The Hottest Winter Accessory Is ‘Emotional Space’

A therapist’s advice for how to create some distance from other people’s problems — even when you’re stuck with them 24/7

Photo: 10'000 Hours/Getty Images

As the coming pandemic winter forces us all to live even more fully at home, you may find yourself struggling more than ever to carve out your own emotional space. One person’s stress becomes contagious. An unending stream of other people broadcasting their inner monologues makes it impossible to spend time with your own thoughts. One person’s slacking off or shutting down pushes you to take over their responsibilities.

So, how do you hold onto the ability to act — and feel — like your own person?

As a therapist, I often help my clients think about how to become less responsible for other people’s thoughts and behaviors and more responsible for their own. And the more you can practice doing this now, the better shape you’ll be in for all that quarantine togetherness in the months to come.

Let people be responsible for themselves

Humans do a few predictable things when we become anxious, and one of them is to assume responsibility for those around us, a behavior called overfunctioning.

When overfunctioners sense a person’s distress, they might tell them what to do or take over a task completely. This is how people end up doing their kid’s homework or getting way too involved in a roommate’s relationship drama.

In the short term, it may seem like you’re solving problems. But overfunctioning isn’t about solutions — it’s about relieving the anxiety you feel in the moment. You might calm down by calling the shots, but no one around you will learn how to be a more capable human.

How have become entangled with the responsibilities of others over the past few months? I’ve heard from clients who picked apart their spouse’s “work voice” or listened too closely to their kid’s Zoom class. They’ve admitted to lecturing their parents too much about Covid-19 safety or picking up chores a roommate has abandoned. They know their overfunctioning isn’t helpful, they tell me, but they aren’t sure how to step back and let people be more responsible for themselves.

Stepping back could look like:

  • Asking questions instead of giving advice.
  • Calming yourself instead of calming others.
  • Refocusing your attention on your responsibilities and goals.
  • Sitting with your discomfort as people solve their problems.

Letting people be more responsible for themselves won’t feel good, at least not right away. It will stress you out before it calms you down. But if you can keep up the habit, you’ll begin to find that it’s easier to tune out other people’s anxiety. You’ll have more time and emotional energy to begin to focus on taking care of yourself and your own responsibilities.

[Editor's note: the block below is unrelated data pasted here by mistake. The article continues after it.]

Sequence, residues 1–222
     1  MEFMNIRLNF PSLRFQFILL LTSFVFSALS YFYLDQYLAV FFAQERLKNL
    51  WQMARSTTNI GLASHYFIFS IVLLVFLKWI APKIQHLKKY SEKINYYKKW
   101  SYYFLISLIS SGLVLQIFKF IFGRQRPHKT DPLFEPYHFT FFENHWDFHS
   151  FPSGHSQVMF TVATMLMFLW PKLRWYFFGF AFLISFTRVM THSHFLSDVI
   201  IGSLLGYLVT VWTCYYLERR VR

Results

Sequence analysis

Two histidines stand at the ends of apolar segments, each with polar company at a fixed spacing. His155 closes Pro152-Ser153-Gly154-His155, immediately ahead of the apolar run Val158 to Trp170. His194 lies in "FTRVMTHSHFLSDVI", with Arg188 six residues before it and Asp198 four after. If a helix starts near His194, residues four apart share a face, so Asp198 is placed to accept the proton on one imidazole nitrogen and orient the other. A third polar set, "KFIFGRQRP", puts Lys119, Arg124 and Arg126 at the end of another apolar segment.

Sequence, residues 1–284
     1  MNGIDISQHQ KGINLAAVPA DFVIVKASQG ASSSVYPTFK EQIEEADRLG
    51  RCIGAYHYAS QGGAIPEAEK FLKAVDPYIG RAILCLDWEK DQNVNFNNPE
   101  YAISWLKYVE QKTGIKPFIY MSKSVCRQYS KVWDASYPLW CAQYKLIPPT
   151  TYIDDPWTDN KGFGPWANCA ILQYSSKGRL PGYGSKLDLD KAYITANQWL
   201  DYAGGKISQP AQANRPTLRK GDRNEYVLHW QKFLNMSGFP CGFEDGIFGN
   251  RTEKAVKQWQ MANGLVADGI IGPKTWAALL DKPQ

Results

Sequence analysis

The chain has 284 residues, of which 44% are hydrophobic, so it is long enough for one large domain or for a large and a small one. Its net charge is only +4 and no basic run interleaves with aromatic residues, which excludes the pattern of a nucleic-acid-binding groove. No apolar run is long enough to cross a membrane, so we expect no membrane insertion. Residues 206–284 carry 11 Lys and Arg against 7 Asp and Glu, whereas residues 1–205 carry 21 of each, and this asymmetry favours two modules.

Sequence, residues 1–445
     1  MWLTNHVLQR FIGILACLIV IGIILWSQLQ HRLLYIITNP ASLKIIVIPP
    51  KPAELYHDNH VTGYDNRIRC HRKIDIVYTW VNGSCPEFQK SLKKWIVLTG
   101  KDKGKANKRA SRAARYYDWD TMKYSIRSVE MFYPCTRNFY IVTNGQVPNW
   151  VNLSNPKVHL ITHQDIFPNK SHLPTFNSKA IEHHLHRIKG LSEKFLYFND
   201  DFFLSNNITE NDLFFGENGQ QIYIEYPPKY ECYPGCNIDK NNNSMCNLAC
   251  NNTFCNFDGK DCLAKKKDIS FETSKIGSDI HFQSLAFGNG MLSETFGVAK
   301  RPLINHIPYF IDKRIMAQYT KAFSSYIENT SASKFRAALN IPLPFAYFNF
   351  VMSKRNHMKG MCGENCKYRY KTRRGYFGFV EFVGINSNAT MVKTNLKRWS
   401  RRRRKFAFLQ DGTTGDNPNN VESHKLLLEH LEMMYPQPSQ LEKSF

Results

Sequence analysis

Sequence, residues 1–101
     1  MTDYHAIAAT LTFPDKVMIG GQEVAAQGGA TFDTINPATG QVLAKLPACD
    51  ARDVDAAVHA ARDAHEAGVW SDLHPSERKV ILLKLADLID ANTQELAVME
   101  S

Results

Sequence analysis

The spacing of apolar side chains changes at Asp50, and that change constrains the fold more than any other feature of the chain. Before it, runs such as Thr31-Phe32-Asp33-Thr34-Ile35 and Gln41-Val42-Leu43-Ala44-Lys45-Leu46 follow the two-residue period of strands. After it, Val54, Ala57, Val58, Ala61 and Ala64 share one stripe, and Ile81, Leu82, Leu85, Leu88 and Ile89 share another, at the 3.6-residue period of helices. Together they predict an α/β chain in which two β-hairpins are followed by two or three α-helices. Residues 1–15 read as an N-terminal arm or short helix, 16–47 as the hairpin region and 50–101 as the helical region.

Make space to know your own mind

Another sneaky thing that can happen after a long period of quarantine togetherness: You lose the ability to think for yourself.

When humans are huddled together in a crisis, they tend to take on each other’s thoughts and behaviors. This response to togetherness serves an evolutionary purpose — it stabilizes tension in a group, which helps us survive and achieve common goals. But too much togetherness and too much anxiety can make you abandon principles and habits you once found important.

Since the pandemic began, I’ve heard from many clients who have borrowed a family member’s thoughts or behaviors without realizing it. One person’s sweet tooth quickly becomes the entire family’s way of coping with stress. Roommates become night owls together, doomscrolling in the living room for hours. One half of a couple abandons their safety protocols once the other person breaks the rules.

It is incredibly difficult to know your own mind when stress is high and space is limited. But functioning like an individual allows you to manage anxiety more effectively and live a more thoughtful life. I encourage my clients to make regular space — even if it’s just once a week — to think about how they’d like to take care of themselves and respond to challenges. Because if you don’t take that time, it’s almost impossible not to cave to the pressures of the group.

Making space for your thinking could look like:

  • Participating in regular therapy or coaching.
  • Writing down your observations about your recent habits.
  • Journaling regularly about your beliefs and values.
  • Defining and keeping track of goals.
  • Developing guiding principles for yourself.

When you practice teasing apart your own mind from everyone else’s, it becomes easier to hold onto your values and beliefs when you need them most. The best place to start is simple observation: Where do the lines between responsibilities start to blur in your household? In what relationships are you quick to abandon your thinking and just follow the other person? Observation disrupts these dynamics, because it provides you with opportunities to try a different strategy for calming yourself down—a strategy that requires only your cooperation and no one else’s.

You are only responsible for your own anxiety. So instead of trying to teach everyone how to survive the rest of the year, put the focus back on yourself. When can you untangle yourself a little from the anxiety at home, everyone feels a bit freer and calmer. And everyone can face the unknown with more creativity, flexibility, and individuality.

Kathleen Smith is a therapist and author of the book Everything Isn’t Terrible: Conquer Your Insecurities, Interrupt Your Anxiety, and Finally Calm Down.

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